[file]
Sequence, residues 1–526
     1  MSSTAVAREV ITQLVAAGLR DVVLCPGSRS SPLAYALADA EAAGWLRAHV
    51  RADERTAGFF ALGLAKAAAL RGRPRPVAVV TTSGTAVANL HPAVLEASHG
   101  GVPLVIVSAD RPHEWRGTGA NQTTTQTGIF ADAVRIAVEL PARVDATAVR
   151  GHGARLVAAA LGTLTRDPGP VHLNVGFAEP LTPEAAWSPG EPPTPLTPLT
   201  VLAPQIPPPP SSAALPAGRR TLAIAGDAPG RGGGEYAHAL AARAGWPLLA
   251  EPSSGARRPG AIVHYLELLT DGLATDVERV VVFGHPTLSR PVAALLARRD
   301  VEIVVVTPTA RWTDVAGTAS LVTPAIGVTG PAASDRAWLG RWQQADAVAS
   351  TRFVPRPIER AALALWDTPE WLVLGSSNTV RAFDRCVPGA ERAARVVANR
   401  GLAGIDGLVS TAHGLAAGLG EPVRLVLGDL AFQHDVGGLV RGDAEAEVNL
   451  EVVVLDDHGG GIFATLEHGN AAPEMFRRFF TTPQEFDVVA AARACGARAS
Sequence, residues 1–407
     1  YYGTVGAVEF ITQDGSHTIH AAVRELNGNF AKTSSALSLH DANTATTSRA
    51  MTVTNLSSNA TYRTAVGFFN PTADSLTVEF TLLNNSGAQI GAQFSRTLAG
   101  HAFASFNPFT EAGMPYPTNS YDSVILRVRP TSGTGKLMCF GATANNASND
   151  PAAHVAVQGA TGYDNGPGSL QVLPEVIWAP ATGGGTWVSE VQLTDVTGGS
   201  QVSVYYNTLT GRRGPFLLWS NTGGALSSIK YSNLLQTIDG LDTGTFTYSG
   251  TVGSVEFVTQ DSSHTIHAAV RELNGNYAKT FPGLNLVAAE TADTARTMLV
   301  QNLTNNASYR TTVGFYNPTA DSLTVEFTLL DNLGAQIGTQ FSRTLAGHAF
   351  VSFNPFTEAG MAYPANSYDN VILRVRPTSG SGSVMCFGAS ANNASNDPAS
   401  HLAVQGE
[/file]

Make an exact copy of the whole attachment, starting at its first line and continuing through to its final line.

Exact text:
Sequence, residues 1–526
     1  MSSTAVAREV ITQLVAAGLR DVVLCPGSRS SPLAYALADA EAAGWLRAHV
    51  RADERTAGFF ALGLAKAAAL RGRPRPVAVV TTSGTAVANL HPAVLEASHG
   101  GVPLVIVSAD RPHEWRGTGA NQTTTQTGIF ADAVRIAVEL PARVDATAVR
   151  GHGARLVAAA LGTLTRDPGP VHLNVGFAEP LTPEAAWSPG EPPTPLTPLT
   201  VLAPQIPPPP SSAALPAGRR TLAIAGDAPG RGGGEYAHAL AARAGWPLLA
   251  EPSSGARRPG AIVHYLELLT DGLATDVERV VVFGHPTLSR PVAALLARRD
   301  VEIVVVTPTA RWTDVAGTAS LVTPAIGVTG PAASDRAWLG RWQQADAVAS
   351  TRFVPRPIER AALALWDTPE WLVLGSSNTV RAFDRCVPGA ERAARVVANR
   401  GLAGIDGLVS TAHGLAAGLG EPVRLVLGDL AFQHDVGGLV RGDAEAEVNL
   451  EVVVLDDHGG GIFATLEHGN AAPEMFRRFF TTPQEFDVVA AARACGARAS
Sequence, residues 1–407
     1  YYGTVGAVEF ITQDGSHTIH AAVRELNGNF AKTSSALSLH DANTATTSRA
    51  MTVTNLSSNA TYRTAVGFFN PTADSLTVEF TLLNNSGAQI GAQFSRTLAG
   101  HAFASFNPFT EAGMPYPTNS YDSVILRVRP TSGTGKLMCF GATANNASND
   151  PAAHVAVQGA TGYDNGPGSL QVLPEVIWAP ATGGGTWVSE VQLTDVTGGS
   201  QVSVYYNTLT GRRGPFLLWS NTGGALSSIK YSNLLQTIDG LDTGTFTYSG
   251  TVGSVEFVTQ DSSHTIHAAV RELNGNYAKT FPGLNLVAAE TADTARTMLV
   301  QNLTNNASYR TTVGFYNPTA DSLTVEFTLL DNLGAQIGTQ FSRTLAGHAF
   351  VSFNPFTEAG MAYPANSYDN VILRVRPTSG SGSVMCFGAS ANNASNDPAS
   401  HLAVQGE